Zach Elwood’s exhaustive book takes the table talk and psychology you’ll hear at live poker tables and gives you the full SP on how you can better read (and listen to) your big-mouth opponents at the felt.
High Stakes Poker, Series 2 Episode 4: In a cash pot that’s already reached $44,000, David Benyamine tosses in a bet of $16,000 on a board of K-5-5-4-J.
Canadian Cirque du Soleil squillionaire and One Drop charity legend, Guy Laliberte, says “OK” and places his hands on his cards as if to muck them.
Benyamine says, laughing: “Don’t give away too much of the Foundation. Think of the foundation….I want to be called.”
“I think you do,” replies the businessman, mucking his pocket sixes. Benyamine has K-J for top two-pair.
It’s one of the high-profile, high-stakes examples of how verbal statements from your opponents at the poker table can drastically effect how you bet against them, as well as giving away vital information.
It’s also one of the real-life examples features in Zachary Elwood’s new book on poker psychology, ‘Verbal Poker Tells’.
Providing the perfect counterpart to his recent book on tells, ‘Reading Poker Tells’, Zach Elwood’s exhaustive study takes the table talk and psychology you’ll hear at live poker tables and gives you the full SP on how you can better read (and listen to) your big-mouth opponents at the felt.
‘Reading Poker Tells’ was a competent all-round book on spotting poker tells that updated Mike Caro’s classic ‘Book of Poker Tells’ for the 21st century and provided a decent crash course for beginners.
Using specific big-name examples from TV shows like High Stakes Poker and Poker After Dark, this book instead picks out the nuances of table talk and shows that when it comes to live poker words speak louder than actions.
The book is split into clear sections: a general introduction to verbal poker tells, theory on talking during hands, deception and bluffing, mis-directions, defensive statements, verbal tells during big bets, general verbal patterns, and information-gathering and manipulation. Each chapter is presented in clear steps, with real hands to back up Elwood’s points.
Author Zach Elwood gives an overview of some of the Verbal Poker Tells covered in his book.
There’s no doubt that Elwood has done his homework. The concept for the book came in 2013, and since then the former poker pro has taken notes on thousands of poker hands gleaned from the World Series of Poker and European Poker Tour, as well as specially televised cash games like Sky Poker’s Cash Game, PokerStars’ The Big Game, and the popular celebrity-filled shows like HSP and PAD.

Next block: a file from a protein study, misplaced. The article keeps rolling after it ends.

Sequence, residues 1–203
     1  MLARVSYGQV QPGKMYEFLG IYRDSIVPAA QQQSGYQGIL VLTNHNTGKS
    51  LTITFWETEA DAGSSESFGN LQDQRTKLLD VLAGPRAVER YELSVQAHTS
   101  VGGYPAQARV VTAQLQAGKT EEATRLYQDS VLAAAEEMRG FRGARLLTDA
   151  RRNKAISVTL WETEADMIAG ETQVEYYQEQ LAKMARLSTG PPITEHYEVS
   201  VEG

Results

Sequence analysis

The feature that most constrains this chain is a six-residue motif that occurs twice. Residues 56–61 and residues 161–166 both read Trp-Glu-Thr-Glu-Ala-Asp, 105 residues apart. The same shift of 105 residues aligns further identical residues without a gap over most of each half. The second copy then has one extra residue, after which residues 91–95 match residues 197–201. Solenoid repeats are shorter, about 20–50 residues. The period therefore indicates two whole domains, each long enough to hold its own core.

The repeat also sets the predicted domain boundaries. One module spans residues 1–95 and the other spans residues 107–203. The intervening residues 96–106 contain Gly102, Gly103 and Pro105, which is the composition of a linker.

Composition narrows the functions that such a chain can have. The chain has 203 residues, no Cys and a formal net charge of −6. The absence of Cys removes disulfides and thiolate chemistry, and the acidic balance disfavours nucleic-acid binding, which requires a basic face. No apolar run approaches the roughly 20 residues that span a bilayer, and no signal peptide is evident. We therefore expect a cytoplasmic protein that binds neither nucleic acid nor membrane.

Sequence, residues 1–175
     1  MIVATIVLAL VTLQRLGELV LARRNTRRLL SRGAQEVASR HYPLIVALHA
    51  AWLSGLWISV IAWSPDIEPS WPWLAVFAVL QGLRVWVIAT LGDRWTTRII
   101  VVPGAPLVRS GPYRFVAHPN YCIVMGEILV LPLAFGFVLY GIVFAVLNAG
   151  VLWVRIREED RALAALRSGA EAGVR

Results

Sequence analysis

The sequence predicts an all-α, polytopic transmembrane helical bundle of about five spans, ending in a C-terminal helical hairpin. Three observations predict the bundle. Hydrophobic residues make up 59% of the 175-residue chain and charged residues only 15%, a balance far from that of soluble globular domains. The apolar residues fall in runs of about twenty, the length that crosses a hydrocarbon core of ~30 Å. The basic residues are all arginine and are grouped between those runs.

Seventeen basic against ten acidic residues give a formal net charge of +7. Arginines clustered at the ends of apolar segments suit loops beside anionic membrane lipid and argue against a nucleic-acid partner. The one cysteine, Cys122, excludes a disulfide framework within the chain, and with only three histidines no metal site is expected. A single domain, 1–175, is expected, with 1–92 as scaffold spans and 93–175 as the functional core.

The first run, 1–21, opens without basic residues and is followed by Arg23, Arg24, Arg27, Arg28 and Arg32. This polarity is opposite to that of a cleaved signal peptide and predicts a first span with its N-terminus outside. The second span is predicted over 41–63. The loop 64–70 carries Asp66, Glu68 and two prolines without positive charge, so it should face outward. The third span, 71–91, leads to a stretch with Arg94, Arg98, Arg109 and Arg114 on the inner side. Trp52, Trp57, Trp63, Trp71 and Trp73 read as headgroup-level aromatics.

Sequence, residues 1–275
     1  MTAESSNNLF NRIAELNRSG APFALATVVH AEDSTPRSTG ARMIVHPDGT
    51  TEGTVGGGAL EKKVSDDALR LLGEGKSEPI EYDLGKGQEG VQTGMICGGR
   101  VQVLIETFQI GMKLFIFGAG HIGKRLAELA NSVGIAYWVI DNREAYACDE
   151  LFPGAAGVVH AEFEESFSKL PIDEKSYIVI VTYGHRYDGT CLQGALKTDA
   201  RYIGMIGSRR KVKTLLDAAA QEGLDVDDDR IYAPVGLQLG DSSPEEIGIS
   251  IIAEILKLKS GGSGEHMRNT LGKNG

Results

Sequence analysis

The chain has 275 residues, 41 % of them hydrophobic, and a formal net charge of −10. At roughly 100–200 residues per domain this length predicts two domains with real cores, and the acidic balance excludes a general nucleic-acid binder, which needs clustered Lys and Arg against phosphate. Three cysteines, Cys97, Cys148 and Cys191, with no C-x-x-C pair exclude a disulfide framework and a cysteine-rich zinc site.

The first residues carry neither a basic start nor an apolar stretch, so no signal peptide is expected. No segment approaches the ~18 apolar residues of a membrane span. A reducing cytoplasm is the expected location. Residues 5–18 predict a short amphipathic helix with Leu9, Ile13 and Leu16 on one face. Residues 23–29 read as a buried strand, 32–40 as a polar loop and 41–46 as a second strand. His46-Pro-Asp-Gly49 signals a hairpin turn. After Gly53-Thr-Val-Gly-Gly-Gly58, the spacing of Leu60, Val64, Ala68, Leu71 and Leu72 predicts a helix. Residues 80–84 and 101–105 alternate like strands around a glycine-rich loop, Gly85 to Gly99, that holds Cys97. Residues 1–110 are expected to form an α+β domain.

Arguably the book’s strong point is tips on gathering information from opponents. It can work at the most basic level but also works when the players involved are multi-millionaires with hundreds and thousands of hours under their belts.
“The best question to ask a player to get information is usually something that has nothing to do with poker at all,” argues Daniel Negreanu in a chapter on deception, and Elwood catalogues several famous cases of opponents trying to glean clues from an opponent with a few subtle probes.
Elsewhere, referring directly to opponents by their first name (often seen in your local casino game, but also in pro tournaments where players know each other well) can be a giveaway that a player is holding a strong hand.
In the 2010 WSOP, for example, Daniel Negreanu checks a flop of A-K-4. Charles Hook asks, “How much you playing, Dan?”
Confused, and a bit annoyed, Negreanu says, “Can’t you see my stack?”
Hook bets into the pot and Negreanu folds 10-8. Hook flips over A-K for top two-pair but has given away the strength of his hand with an unconsciously relaxed demeanour.
There are excellent case studies throughout the book like the Benyamine/Laliberte example above which illustrates how players can throw in last-gasp statements to disrupt your concentration and force you into a move you may not have otherwise made.
What’s so fascinating about many of Elwood’s examples, which most poker fans reading will remember from TV, is that the same tricks and unconscious tells can be derived at your average pub game or £30 casino game every week.
How many times has an opponent said, “I’ll show you my cards if you fold,” when holding a strong hand or asked how much your stack is when they’re contemplating a fold? Virtually every nuance of verbal tells is covered in the book and every one you’ll spot from a typical live game; there’s no need to be a millionaire playing the PokerStars Big Game.
It’s also a great excuse to revisit (in)famous classic hands from WSOPs from years gone by (admittedly, most involving Jamie Gold). Just make sure you follow up the entertaining reads with a quick visit to YouTube afterwards.
‘Verbal Poker Tells’ is a well-structured strategy book that achieves that trick of being informative without getting bogged down in text. There’s no doubt that you’ll be heading off to the Internet to see Jamie Gold, Daniel Negreanu et al in a new light once you’ve finished the book and don’t forget to check out Elwood’s YouTube channel for further verbal tells analysis.